Are you taking adequate steps to protect your proprietary and confidential information from misuse by teammates?
If your teaming agreement or non-disclosure agreement requires you to mark proprietary information with a “protected” legend, the answer may be “no.” Although many standard teaming agreements and non-disclosure agreements require protective legends in order to protect confidential information, contractors sometimes fail to apply the appropriate legend. And when that happens, at least according to a recent decision of the U.S. Court of Federal Claims, the contractor may have no basis to complain that the teammate stole its confidential information.
The court’s decision in Your Recruiting Company Inc. v. United States and Golden Key Group LLC, No. 12-509C (2012), involved a National Science Foundation award of a task order under the GSA Schedule to Golden Key Group LLC. Your Recruiting Company, Inc., or YRC, filed a bid protest with the Court of Federal Claims, claiming that Golden Key had used content that it had obtained from YRC without permission, and that the stolen material was relied upon by the NSF in making the award to YRC.
Prior to submitting their separate offers on the NSF procurement, YRC and Golden Key had previously teamed together on a joint proposal to the GSA. As is typical in a teaming relationship, the parties executed a nondisclosure agreement. The NDA stated that “[a]ll written proprietary information disclosed to the other party shall be marked with the legend ‘Proprietary Information.'” In addition, the NDA stated that “Proprietary Information shall also include all data or other information disclosed to the other that a party could reasonably expect to be protected as confidential.”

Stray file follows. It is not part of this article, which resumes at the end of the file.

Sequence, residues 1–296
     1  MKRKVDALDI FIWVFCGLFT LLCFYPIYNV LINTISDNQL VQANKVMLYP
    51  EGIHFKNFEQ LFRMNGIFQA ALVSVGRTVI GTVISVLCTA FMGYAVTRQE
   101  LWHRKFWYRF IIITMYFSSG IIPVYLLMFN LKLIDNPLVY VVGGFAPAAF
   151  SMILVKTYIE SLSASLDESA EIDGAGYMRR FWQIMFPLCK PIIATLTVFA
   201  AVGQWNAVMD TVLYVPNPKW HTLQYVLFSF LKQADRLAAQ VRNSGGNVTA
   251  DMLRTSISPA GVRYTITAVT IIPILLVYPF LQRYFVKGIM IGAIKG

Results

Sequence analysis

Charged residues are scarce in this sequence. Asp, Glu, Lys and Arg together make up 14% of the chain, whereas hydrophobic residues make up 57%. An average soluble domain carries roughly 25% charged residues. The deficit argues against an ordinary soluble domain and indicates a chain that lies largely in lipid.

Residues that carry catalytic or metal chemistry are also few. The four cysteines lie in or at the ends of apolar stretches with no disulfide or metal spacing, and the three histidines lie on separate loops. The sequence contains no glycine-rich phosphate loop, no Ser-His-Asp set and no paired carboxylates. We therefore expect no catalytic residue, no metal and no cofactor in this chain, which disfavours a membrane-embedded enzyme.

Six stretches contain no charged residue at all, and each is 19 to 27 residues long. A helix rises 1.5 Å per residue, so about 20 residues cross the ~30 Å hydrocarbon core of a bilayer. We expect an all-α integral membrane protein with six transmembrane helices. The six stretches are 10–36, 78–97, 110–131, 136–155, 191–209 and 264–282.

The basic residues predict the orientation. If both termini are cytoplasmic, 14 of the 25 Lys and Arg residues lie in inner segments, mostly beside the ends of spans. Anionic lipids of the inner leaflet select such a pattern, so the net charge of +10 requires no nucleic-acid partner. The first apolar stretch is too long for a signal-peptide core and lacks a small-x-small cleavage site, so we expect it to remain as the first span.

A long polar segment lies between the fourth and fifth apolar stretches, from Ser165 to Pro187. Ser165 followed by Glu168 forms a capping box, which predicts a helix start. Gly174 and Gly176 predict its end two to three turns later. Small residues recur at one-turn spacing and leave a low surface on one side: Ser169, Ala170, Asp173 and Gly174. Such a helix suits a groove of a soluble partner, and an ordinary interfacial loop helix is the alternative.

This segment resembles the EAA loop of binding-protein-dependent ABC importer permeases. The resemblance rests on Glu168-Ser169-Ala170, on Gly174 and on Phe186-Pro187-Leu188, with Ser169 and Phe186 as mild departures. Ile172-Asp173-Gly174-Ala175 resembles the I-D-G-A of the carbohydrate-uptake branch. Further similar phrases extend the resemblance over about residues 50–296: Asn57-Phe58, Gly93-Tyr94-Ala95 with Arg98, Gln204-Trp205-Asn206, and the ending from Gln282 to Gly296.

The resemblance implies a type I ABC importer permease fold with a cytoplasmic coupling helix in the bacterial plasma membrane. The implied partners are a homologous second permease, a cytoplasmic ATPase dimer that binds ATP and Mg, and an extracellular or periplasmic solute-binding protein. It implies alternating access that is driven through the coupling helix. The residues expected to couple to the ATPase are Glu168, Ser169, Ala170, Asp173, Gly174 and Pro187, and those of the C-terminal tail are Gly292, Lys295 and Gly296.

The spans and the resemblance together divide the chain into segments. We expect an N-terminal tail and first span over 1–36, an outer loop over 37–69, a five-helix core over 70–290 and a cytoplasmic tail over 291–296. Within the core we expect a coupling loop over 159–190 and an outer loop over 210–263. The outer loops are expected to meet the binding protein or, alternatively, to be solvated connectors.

During the preparation of the joint proposal, a YRC employee emailed an document entitled “Staffing Plan Docs YRCI” to a Golden Key employee. The YRC employee also emailed additional documents to Golden Key. None of the documents were labeled as proprietary, although the emails did include a boilerplate warning at the bottom to the effect that the email was intended only for the designated recipient and may include privileged, proprietary or confidential information.
After the GSA proposal was submitted, the parties teamed on other efforts, then went their separate ways. Golden Key subsequently submitted a proposal to the NSF containing a section that was “virtually identical” to the staffing plan information the YRC employee had emailed to Golden Key.
After the NSF made award to Golden Key, YRC filed a GAO bid protest, alleging in part that the information in question was proprietary and that Golden Key had falsely represented to the NSF that the language originated with Golden Key. The GAO issued a decision characterizing the issue as a private dispute between the parties. YRC then filed a complaint with the Court of Federal Claims.
The court rejected YRC’s claim that Golden Key had stolen proprietary information, stating that the YRC employee “had authority to send the controverted material to Golden Key, and it was not labeled as proprietary.” The court continued, “[t]he parties had adopted a protocol for labeling legitimately private information, and it was not utilized.” Further, “it is baseless to assert that the boiler plate language at the bottom of the covering emails” served to mark the information as proprietary.
As for the NDA’s provision that information could be deemed proprietary without a legend if a party would reasonably deem it confidential, YRC had “made no serious effort to prove that Golden Key should have known from the circumstances of the transmission and use of the material that YRC expected it to be treated as protected.” Moreover, the information in question was incorporated into the parties’ joint proposal, and “YRC has not shown that Golden Key should be presumed to have no rights in that proposal.”
The court ruled in favor of the government and Golden Key.
The Your Recruiting Company bid protest decision demonstrates that the failure to follow a provision in a teaming agreement or NDA requiring marking of proprietary information may be fatal to future attempts to claim that the information is confidential. Because many standard teaming agreements and NDAs contain such marking requirements, small government contractors would be well-advised to ensure that appropriate protective legends are placed on any confidential information that is transmitted to a teammate.